Russians wonder if Putin will move Russia's capital

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The Independent Online

When Russian rulers from Ivan the Terrible to the Bolsheviks wanted to make major changes, they moved to a new capital - a tradition that has some Russians asking if President Vladimir Putin wants to leave Moscow.

Putin's decision to receive foreign leaders in his native St. Petersburg coincides with calls to move key government agencies from Moscow to its longtime rival in the north. Now some Russians are wondering if Putin wants to move the capital back to St. Petersburg as part of his plans to revive Russia as a great power.

For centuries, St. Petersburg was the capital. Its palaces, cathedrals and fortresses recall the days of imperial power and glory, and its residents still regard Muscovites as uncultured upstarts.

Other developments have added to the speculation. The speaker of the lower house of Russia's parliament, Gennady Seleznyov, said last month he would submit a proposal to move the chamber from Moscow to St. Petersburg.

Banks and oil companies have quietly been moving assets to St. Petersburg. The share of Russia's financial assets concentrated in St. Petersburg has gone up from 5 percent two years ago to about 10 percent, according to Alexei Chaplygin, an analyst with the Center for Civil Society Studies, a political think tank in Moscow.

Lev Lurie, a historian and political analyst in St. Petersburg, says he has heard "serious talk" among high-ranking officials about moving the Academy of Sciences, the Culture Ministry, and the Constitutional Court to St. Petersburg.

Putin makes little secret of his affection for his hometown, and many of his top officials are from St. Petersburg.

"The Petersburg group love their city a lot and they are trying to help it," Chaplygin said. "Nobody used to talk seriously about the issue (moving the capital) - but now there is a chance to do something about it."

In his characteristically cryptic manner, Putin is saying nothing. But most analysts agree that he is trying to send a message by putting St. Petersburg at center stage again after years of official disdain - although they don't agree on what it is.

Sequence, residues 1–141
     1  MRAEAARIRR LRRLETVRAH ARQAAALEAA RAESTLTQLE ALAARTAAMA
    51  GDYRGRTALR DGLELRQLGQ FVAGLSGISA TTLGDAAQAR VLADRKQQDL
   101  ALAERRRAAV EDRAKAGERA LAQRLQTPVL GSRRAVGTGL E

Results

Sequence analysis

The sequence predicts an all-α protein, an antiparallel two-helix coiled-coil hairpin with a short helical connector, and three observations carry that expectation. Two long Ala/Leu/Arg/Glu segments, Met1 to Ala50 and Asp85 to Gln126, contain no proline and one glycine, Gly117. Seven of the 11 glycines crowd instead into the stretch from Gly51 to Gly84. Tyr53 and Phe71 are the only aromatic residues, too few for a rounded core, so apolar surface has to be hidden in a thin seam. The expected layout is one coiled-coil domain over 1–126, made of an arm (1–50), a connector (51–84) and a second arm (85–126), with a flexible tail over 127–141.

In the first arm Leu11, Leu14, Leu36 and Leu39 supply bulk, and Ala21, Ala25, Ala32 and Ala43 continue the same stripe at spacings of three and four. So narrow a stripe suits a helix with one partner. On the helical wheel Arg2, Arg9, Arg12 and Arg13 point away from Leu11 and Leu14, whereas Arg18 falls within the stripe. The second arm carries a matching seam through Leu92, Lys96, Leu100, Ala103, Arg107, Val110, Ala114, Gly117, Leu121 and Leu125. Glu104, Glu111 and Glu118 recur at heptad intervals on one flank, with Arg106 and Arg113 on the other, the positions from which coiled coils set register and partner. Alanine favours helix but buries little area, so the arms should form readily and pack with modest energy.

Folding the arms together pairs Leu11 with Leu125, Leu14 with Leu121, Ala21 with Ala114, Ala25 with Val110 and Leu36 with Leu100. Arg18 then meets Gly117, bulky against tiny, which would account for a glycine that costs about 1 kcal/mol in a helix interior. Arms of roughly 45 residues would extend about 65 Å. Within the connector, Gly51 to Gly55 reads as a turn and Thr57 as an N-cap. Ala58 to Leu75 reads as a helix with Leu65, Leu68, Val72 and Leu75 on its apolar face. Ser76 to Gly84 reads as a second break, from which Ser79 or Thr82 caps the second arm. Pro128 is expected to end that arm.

Putin turned tradition on its head by receiving in St. Petersburg the two foreign leaders who have visited Russia since he took power. British Prime Minister Tony Blair and Japanese Prime Minister Yoshiro Mori did not set foot in Moscow.

"This is some sort of a demonstrative act, a PR action," Lurie said. "But what it might mean is open to various interpretations."

Still, moving the capital from Moscow is a far-fetched idea, officials say. The project would cost a staggering amount of money, and Russia is broke.

While a government department or a federal court or two might be moved from Moscow, some analysts insist the talk of moving capitals is just hot air.

"There won't be enough money to move even one department of one ministry," said Viktor Kremenyuk, deputy director of the Institute for USA and Canada studies.

And when Putin receives U.S. President Bill Clinton in June for their first meeting, it will be in Moscow.

Putin's elevation of St. Petersburg may be part of his call for close ties with Europe, some analysts say. St. Petersburg traditionally has been Russia's most westward-looking city.

"Every time talk about friendship with the West begins, St. Petersburg comes into the limelight," said Kremenyuk.

Or Putin may want a symbolic break with the Moscow-based, scandal-ridden administration of Boris Yeltsin, others say.

Ivan the Terrible moved the capital from Moscow to the provincial town of Alexandrovskaya Sloboda in 1564 and plunged the country into a reign of terror.

Peter the Great moved the capital from Moscow to St. Petersburg in 1712 to underline his drive to Westernize the country. The Bolsheviks made Moscow the capital again as one of their first acts after the 1917 revolution.

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